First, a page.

The Government’s intervention on valporate prescribing feels like a step too far, says The Pharmacist’s GP blogger Dr Livingstone
If there’s one thing that riles the average GP – OK, true, there isn’t one thing, there are loads, but bear with me – it’s any kind of imposition on our prescribing. Admittedly, the status of the prescription pad has been diluted over the years as various Noctors (a delightful term for someone who is not a doctor) have acquired prescribing rights. Nonetheless, it remains a powerful symbol of GP authority and therefore any fiddling about with the prescribing process risks provoking in us a major flounce.
And so it is with valproate. Suddenly, the Medicines and Healthcare products Healthcare Authority (MHRA) has come over all draconian about this drug. Apparently, GPs have got to identify and refer for specialist assessment all women of childbearing age taking it. We must stop prescribing it for bipolar disorder and migraine.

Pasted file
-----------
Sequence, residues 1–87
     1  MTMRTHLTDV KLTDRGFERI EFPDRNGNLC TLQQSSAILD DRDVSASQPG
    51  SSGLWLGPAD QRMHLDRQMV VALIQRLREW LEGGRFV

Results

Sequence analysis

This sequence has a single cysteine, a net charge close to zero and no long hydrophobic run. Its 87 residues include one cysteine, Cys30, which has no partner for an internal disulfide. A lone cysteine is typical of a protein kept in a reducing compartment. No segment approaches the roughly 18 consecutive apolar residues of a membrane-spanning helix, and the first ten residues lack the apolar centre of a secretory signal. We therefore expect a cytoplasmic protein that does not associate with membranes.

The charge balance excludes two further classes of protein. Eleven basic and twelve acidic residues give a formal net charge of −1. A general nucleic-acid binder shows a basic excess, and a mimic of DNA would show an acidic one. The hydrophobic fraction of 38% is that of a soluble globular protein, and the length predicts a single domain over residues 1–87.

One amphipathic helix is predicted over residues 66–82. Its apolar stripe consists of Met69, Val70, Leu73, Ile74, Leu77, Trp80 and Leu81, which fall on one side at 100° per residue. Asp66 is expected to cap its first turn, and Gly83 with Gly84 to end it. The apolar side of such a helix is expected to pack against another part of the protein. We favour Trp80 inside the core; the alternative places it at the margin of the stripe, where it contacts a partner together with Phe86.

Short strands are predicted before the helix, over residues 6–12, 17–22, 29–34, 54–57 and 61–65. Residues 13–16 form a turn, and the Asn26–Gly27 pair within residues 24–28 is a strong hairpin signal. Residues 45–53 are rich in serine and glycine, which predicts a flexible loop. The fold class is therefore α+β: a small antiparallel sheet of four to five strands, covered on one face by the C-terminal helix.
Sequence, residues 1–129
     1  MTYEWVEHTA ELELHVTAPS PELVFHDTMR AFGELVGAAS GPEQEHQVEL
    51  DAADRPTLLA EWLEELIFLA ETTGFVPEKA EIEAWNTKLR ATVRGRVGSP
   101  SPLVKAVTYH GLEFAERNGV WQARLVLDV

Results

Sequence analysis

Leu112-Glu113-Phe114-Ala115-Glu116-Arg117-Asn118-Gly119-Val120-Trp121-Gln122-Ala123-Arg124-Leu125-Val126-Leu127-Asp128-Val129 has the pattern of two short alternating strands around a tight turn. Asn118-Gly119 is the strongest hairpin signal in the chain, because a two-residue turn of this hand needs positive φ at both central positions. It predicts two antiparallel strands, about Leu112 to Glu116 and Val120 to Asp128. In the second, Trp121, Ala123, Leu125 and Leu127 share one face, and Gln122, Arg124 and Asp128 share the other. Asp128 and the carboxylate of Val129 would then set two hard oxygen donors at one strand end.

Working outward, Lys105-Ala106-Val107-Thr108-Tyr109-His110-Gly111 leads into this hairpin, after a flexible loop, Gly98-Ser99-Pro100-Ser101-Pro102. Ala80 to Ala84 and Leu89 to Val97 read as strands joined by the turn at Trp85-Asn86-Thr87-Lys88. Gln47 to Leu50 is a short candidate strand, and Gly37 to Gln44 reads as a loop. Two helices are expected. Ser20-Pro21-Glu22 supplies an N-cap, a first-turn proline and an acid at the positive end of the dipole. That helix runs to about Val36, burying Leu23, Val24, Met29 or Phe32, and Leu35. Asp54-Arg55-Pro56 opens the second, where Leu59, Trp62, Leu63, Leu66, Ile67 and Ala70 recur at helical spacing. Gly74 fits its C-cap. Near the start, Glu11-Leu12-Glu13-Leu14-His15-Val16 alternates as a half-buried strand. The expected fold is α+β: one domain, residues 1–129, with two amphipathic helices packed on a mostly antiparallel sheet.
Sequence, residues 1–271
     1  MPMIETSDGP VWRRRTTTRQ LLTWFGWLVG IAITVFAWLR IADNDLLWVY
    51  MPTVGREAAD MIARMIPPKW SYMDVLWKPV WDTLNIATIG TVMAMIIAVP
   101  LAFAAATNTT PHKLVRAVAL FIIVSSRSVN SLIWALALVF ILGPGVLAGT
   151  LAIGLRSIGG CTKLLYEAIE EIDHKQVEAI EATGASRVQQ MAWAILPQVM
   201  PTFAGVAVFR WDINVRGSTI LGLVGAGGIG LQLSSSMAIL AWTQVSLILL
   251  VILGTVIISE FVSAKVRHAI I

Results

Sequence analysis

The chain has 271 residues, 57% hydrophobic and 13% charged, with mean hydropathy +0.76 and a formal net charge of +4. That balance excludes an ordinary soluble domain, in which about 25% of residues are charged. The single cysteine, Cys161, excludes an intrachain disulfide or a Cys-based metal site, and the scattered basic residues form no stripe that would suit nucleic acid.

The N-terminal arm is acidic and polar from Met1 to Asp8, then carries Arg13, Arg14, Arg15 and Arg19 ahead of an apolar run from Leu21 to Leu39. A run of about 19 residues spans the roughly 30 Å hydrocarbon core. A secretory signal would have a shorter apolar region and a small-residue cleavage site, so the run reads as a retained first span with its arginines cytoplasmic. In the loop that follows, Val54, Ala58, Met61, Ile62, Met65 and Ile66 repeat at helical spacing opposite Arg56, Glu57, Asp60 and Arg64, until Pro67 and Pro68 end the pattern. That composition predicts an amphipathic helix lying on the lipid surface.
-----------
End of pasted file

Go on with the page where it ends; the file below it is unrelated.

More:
And it’s ‘banned’ in epilepsy unless the patient is on a ‘specific programme to prevent pregnancy’ – no idea what ‘ban’ means exactly, but I can tell you that a ‘specific programme to prevent pregnancy’ involves the patient signing a risk acknowledgement form and undertaking regular pregnancy tests before, during and after treatment. Just in case you were wondering.
Which makes me think:
Still, it’s an ill wind. Doubtless you pharmacists will be getting a forbidding communique from the MHRA instructing you only to dispense the drug if you’re wearing full riot gear. But at least you can seize the moment to do an Medicines Use Review (MUR) and flog some pregnancy tests.